6. In Pursuit of Elegance by Matthew E. May – This book is about removing the stuff that distracts from the elegance. There are so many parallels in education of the things that we add that don’t add to our why. May pushed me to thinking about simplifying everything.
7. Switch by Chip and Dan Heath – This was one of the first books that made me think about the struggle and battle of changing a system that is at times, unchangeable. It encouraged me to engage in the educational revolution.
8. Tribes by Seth Godin – All about finding your people, connecting and encouraging others (students) to find their tribe. This books has encouraged me to disengage in the negative and to join Twitter in an attempt to connect with people who will continuously push my thinking.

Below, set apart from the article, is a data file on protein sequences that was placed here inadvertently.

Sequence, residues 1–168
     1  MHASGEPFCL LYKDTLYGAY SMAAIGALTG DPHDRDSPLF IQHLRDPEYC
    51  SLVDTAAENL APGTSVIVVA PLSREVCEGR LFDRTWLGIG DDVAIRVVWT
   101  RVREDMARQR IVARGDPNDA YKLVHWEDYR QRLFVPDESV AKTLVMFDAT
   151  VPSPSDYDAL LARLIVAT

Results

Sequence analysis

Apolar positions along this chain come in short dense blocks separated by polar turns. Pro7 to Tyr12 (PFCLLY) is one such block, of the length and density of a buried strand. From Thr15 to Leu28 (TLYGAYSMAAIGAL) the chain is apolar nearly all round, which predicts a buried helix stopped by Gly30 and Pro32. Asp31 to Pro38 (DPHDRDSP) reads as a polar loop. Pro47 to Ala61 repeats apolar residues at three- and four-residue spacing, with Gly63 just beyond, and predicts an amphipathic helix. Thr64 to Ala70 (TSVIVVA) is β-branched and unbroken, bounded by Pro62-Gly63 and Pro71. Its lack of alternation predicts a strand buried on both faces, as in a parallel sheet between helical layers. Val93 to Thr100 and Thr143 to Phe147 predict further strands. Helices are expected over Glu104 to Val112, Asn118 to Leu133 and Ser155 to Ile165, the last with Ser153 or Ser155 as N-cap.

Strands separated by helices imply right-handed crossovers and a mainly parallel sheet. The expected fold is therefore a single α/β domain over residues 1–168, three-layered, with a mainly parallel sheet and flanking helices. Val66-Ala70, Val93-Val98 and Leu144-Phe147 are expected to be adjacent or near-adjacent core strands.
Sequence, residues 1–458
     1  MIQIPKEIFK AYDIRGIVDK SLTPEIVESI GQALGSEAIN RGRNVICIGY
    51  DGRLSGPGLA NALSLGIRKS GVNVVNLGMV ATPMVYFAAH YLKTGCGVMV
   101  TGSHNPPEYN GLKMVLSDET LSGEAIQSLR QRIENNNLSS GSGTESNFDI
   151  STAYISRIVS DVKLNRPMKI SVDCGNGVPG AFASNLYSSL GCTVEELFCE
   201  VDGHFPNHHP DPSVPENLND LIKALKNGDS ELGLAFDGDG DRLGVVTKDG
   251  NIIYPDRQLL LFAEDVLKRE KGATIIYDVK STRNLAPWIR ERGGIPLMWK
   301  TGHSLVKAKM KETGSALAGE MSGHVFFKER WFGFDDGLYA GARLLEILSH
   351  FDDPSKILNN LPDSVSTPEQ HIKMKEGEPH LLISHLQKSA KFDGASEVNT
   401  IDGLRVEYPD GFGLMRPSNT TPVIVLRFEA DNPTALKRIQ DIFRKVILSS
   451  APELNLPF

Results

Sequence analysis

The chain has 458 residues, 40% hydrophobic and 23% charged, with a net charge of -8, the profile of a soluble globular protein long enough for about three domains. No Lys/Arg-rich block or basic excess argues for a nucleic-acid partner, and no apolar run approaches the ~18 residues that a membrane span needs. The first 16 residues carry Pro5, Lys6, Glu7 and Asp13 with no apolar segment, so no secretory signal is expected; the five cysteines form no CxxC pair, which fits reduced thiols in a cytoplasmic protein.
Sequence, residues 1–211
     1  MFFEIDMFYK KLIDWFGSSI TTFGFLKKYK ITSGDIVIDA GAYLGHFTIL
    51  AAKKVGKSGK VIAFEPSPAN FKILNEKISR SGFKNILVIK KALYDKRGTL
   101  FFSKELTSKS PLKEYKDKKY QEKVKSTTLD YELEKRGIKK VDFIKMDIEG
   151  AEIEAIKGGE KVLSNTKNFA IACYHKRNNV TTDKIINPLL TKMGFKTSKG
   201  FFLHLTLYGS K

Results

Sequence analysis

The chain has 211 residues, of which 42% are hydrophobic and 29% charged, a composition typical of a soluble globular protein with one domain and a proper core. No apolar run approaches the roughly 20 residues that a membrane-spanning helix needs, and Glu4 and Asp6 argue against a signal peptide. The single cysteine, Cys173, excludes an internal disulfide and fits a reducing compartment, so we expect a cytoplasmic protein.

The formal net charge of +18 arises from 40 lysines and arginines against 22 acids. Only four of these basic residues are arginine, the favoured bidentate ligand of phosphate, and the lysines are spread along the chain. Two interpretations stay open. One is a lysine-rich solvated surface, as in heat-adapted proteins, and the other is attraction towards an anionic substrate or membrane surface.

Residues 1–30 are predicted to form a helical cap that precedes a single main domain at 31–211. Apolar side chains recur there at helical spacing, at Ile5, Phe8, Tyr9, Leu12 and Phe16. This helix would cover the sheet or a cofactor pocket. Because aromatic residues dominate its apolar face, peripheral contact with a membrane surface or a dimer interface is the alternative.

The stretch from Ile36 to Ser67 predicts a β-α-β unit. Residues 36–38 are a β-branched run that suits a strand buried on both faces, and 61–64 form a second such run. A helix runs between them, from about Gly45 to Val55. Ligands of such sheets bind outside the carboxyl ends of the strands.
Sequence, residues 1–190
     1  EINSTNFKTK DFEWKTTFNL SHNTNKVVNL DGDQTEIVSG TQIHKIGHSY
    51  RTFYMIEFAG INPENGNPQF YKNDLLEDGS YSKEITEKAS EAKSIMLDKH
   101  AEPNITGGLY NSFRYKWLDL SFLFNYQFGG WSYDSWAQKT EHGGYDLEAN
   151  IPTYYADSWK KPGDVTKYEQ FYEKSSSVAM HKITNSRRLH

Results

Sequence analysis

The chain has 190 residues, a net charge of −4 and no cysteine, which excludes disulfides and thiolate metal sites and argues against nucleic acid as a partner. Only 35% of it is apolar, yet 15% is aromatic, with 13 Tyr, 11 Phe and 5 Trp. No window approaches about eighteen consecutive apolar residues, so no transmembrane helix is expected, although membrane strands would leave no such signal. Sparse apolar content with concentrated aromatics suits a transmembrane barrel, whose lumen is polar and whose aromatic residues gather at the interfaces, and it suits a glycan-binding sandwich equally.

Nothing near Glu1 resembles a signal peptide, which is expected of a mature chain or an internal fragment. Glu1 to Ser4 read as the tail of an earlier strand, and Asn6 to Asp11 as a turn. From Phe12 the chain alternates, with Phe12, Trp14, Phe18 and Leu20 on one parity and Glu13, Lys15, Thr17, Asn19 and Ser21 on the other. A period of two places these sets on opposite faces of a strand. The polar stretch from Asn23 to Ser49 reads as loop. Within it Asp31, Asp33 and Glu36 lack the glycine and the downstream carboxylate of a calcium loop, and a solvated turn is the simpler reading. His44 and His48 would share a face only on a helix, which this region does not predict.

9. Shop Class as Soul Craft by Matthew Crawford – Simply a book about what it means to work and to disengage in the “storybook” image of what education looks like.
10. Outliers and Blink by Malcolm Gladwell - These two books explore the nature of re-thinking success and decision making. In classic Gladwell style, these books pushed me into being more aware of everything and taking less for granted when it comes to the factors that will affect student learning.
But this is my list, the list of books I’ve read. I’m ALWAYS looking for books that are going to push me. If you have a recommendation, please let me know.
For a complete list of the books I read, please visit http://books.mrkemp.ca.